Northern Ireland's first private abortion clinic will officially open on Thursday amid protests from pro-life campaigners.
The Marie Stopes centre on Belfast's Great Victoria Street offers terminations, each costing £450.
Hundreds of anti-abortionists, who claim there is no demand for Marie Stopes in Northern Ireland, have organised a mass rally to show their opposition.
Paula Davison, from the Precious Life lobby group, said demonstrators who will be carrying placards have been urged to behave with dignity.
Northern Ireland's first private abortion clinic will officially open on Thursday
She said: "It is a prayer rally so obviously it is going to be very peaceful. We do not want any violence or intimidation - definitely not in our name.
"It is hard to say how many people will be there but we are expecting quite a number. It will be from 10am until 4pm."
Precious Life said the protest, which has been promoted through social networking sites, is likely to be a one-off event.
Ms Davison added: "I think it will be the only one in the foreseeable future."
In Northern Ireland abortion is strictly controlled. The procedure is only permitted if the life or mental health of the mother is at serious risk.
Marie Stopes said its new facility, which is headed by former Progressive Unionist Party MLA Dawn Purvis, will operate within the current legal framework, providing medical not surgical terminations up to nine weeks' gestation with aftercare including counselling.
Stormont Health Minister Edwin Poots has said the new centre will be closely regulated and warned that any breaches of the law could be punishable with a maximum sentence of life imprisonment.
Liam Gibson, development officer with the Society for the Protection of Unborn Children (SPUC), said his organisation was determined to have the new clinic closed.
He said: "We are against the opening of the Marie Stopes clinic and we are committed to seeing it shut down as an abortion clinic. Abortion cannot be offered as a routine service under the law. It is incompatible with the law."
As yet, legal challenges have not been launched by Precious Life or SPUC to prevent Marie Stopes from operating in Belfast.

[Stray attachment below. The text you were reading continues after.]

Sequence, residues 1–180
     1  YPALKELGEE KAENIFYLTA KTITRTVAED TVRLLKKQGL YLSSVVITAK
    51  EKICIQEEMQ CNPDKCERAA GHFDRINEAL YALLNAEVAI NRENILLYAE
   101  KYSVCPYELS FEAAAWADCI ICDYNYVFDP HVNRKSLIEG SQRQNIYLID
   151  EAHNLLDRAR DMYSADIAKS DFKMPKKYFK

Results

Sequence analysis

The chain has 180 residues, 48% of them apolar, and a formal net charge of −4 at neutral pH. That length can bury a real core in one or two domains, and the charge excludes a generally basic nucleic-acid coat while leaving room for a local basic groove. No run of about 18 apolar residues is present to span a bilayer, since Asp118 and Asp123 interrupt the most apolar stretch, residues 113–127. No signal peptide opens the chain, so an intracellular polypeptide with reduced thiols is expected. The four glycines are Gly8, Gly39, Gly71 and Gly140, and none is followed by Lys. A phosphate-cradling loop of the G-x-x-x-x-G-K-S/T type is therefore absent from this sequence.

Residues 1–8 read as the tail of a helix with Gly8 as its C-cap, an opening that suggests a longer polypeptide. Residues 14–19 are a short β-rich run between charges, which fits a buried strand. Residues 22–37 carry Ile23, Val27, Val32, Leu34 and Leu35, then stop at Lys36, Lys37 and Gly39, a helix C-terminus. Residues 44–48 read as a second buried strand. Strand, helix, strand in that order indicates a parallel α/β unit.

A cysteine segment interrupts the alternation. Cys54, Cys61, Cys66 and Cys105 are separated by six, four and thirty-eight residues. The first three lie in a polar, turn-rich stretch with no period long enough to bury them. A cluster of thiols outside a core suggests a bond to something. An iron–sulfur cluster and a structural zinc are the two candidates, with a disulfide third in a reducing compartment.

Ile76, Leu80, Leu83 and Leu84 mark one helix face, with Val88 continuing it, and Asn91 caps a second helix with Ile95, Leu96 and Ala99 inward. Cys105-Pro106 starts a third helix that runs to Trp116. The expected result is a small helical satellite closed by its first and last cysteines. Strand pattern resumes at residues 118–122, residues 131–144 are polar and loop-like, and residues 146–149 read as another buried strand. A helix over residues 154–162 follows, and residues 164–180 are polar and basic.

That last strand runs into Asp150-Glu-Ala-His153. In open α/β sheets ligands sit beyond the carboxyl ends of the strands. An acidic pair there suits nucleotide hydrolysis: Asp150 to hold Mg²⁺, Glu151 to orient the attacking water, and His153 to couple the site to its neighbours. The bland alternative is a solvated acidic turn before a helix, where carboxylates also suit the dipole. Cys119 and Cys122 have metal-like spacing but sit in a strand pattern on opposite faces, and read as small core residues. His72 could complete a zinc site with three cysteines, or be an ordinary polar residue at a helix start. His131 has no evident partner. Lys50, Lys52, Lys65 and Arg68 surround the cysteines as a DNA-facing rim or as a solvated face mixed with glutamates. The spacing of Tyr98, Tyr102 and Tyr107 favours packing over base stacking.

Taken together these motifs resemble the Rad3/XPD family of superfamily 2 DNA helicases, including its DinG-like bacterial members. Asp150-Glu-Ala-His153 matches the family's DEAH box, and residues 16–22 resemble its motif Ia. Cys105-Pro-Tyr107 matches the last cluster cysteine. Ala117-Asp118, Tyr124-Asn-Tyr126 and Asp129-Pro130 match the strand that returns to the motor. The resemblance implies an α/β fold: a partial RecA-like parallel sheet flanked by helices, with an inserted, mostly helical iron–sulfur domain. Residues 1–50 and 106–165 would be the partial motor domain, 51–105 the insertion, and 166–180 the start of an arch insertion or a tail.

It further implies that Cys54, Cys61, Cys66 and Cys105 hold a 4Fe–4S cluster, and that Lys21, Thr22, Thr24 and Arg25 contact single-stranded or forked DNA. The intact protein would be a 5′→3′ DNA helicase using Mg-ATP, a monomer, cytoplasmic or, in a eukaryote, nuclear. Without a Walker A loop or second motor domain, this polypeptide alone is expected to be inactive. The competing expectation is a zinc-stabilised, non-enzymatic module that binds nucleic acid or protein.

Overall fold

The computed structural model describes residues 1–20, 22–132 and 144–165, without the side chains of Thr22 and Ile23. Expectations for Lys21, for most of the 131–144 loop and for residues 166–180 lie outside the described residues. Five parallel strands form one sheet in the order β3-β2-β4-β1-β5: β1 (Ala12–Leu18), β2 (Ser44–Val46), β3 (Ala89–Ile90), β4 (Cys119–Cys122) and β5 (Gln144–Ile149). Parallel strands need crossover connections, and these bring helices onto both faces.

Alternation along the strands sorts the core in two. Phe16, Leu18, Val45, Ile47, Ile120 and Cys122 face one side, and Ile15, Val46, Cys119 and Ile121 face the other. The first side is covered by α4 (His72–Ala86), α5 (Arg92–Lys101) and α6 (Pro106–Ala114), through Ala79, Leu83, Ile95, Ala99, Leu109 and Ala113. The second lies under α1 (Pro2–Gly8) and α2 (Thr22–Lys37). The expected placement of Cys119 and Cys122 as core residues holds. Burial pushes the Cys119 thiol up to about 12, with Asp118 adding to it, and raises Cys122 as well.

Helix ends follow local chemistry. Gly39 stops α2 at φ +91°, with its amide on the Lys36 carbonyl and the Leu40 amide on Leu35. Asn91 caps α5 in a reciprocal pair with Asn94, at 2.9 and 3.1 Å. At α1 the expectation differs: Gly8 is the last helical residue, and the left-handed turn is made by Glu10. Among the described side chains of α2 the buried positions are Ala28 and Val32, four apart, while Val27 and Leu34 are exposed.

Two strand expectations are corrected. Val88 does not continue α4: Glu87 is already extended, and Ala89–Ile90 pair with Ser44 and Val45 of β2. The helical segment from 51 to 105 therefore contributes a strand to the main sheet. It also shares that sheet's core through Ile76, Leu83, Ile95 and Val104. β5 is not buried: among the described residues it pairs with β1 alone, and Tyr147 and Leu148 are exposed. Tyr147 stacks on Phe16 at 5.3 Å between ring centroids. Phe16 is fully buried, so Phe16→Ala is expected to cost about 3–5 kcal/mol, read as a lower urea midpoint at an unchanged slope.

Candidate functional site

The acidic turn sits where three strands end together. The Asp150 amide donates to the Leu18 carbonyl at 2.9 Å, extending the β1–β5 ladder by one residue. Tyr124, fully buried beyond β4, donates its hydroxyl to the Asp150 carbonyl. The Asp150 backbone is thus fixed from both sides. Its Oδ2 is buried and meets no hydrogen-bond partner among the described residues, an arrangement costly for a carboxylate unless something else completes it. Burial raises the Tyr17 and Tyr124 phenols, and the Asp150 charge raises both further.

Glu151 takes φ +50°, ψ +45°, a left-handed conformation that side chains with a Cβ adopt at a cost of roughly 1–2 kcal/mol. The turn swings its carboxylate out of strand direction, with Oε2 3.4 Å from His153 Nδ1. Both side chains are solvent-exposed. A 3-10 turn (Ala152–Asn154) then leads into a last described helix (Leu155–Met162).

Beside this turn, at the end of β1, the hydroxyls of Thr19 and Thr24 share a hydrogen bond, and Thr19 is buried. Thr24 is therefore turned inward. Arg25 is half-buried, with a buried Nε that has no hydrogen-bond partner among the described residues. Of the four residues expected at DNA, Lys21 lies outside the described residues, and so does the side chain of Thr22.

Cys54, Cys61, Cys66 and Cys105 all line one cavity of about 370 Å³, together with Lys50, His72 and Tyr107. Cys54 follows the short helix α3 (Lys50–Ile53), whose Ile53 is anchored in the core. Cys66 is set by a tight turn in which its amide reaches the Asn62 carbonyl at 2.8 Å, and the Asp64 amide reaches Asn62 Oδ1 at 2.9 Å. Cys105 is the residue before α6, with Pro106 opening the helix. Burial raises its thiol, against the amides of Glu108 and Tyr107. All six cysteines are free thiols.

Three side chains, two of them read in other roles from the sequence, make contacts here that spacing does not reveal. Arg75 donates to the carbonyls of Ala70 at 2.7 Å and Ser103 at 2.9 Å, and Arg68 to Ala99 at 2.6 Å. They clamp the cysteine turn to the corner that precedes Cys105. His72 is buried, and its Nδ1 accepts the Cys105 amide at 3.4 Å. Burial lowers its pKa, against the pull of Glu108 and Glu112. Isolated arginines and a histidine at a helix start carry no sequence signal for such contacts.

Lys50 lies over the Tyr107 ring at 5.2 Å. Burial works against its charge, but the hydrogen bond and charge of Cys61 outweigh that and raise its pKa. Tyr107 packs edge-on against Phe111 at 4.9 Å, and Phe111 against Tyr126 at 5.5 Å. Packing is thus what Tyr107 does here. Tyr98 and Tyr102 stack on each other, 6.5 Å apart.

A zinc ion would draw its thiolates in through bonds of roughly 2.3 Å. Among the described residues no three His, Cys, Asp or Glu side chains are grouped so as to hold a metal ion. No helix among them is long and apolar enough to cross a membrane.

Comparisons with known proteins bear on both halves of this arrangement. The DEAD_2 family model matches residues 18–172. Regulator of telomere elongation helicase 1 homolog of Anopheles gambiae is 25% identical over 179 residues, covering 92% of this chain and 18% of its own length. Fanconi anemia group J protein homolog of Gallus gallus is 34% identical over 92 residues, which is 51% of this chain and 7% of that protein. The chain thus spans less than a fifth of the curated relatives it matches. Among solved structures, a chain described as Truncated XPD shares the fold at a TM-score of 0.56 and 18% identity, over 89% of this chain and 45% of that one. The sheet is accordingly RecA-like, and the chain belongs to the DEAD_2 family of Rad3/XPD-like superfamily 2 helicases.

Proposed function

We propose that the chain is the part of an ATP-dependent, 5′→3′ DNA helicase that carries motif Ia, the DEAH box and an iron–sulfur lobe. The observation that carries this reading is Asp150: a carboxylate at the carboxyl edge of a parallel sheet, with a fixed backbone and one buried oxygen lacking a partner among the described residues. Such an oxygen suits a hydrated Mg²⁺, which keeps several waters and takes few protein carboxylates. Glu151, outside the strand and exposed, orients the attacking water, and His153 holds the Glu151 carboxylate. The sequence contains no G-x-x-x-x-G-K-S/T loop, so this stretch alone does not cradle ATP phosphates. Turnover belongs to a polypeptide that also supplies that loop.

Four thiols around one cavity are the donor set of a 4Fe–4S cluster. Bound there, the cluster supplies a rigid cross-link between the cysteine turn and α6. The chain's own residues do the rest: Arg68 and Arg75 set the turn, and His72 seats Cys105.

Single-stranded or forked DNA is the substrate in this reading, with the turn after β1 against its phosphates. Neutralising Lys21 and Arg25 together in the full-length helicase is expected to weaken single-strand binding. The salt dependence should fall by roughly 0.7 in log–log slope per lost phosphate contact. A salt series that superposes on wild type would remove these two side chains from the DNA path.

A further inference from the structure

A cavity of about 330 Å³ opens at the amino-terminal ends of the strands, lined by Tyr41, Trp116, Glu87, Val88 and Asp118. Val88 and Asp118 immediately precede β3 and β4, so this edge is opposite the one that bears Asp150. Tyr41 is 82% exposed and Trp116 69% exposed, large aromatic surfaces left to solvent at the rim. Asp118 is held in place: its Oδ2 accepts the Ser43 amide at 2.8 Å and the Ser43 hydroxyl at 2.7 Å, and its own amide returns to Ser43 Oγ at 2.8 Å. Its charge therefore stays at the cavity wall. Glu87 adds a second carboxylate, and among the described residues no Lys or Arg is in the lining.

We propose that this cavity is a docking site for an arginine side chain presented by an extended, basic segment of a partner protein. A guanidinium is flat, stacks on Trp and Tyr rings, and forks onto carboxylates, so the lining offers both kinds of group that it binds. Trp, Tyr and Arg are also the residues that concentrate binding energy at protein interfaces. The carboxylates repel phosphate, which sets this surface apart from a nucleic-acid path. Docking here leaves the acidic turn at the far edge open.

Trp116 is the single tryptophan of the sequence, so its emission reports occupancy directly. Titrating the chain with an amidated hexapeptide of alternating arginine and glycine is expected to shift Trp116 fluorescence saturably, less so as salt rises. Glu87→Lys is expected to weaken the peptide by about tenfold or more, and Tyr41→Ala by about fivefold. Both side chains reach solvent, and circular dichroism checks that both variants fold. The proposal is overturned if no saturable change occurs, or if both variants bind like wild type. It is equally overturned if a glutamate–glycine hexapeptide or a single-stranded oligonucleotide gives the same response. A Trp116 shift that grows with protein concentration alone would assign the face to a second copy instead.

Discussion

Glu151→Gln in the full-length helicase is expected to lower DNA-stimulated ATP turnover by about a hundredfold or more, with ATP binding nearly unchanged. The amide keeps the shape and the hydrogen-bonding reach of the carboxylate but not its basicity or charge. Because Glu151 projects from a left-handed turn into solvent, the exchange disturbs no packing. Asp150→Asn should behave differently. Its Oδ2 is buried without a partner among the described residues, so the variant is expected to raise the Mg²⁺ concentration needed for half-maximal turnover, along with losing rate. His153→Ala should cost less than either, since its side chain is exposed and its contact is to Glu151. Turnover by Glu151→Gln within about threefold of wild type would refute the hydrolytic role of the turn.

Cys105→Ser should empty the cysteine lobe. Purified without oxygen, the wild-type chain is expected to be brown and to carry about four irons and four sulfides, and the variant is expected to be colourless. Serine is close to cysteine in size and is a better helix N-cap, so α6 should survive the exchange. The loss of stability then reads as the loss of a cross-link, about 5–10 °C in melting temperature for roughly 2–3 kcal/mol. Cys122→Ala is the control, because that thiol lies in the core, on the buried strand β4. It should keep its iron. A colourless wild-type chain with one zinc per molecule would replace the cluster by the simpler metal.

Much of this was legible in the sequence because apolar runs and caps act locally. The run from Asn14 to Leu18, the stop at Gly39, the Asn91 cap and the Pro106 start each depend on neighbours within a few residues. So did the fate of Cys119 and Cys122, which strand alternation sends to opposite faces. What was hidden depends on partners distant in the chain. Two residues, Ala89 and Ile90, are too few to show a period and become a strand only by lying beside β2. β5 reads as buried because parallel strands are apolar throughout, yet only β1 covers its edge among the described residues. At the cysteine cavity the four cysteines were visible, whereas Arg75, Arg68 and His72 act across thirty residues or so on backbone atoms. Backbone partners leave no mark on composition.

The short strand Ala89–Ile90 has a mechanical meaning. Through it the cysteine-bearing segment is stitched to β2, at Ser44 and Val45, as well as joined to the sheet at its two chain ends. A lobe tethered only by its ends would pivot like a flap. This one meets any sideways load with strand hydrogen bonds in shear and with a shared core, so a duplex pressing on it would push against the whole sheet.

Mr Gibson added: "We are in close contact with members of the Assembly and there is a political will that Marie Stopes are not going to open as an abortion clinic in Belfast.
"We will keep the pressure on. Through litigation and legislation we will eventually make sure that abortions are not carried out by Marie Stopes or any other private business in Northern Ireland."
Meanwhile, pro-choice campaigners have said they will not be holding a counter-demonstration out of respect for the women wanting to use the centre.
Goretti Horgan, a spokeswoman for the Alliance for Choice, said they will have a show of support for Marie Stopes during a trade union anti-austerity march in Belfast on Saturday.
She said: "We want to see the 1967 Abortion Act extended to Northern Ireland and Marie Stopes coming here is very important and symbolic.
"Abortion is not a black and white issue. I think that people understand that women's lives are different now and that sometimes women have very little choice but to have abortions."
According to Dr Paula Franklin, medical director of Marie Stopes "our agenda here is not to change the law, our agenda is about to improve the access".
"I think there will be a lot of backlash. I think a proportion of the people in Northern Ireland will be outraged but a significant number of people will be delighted," she said.
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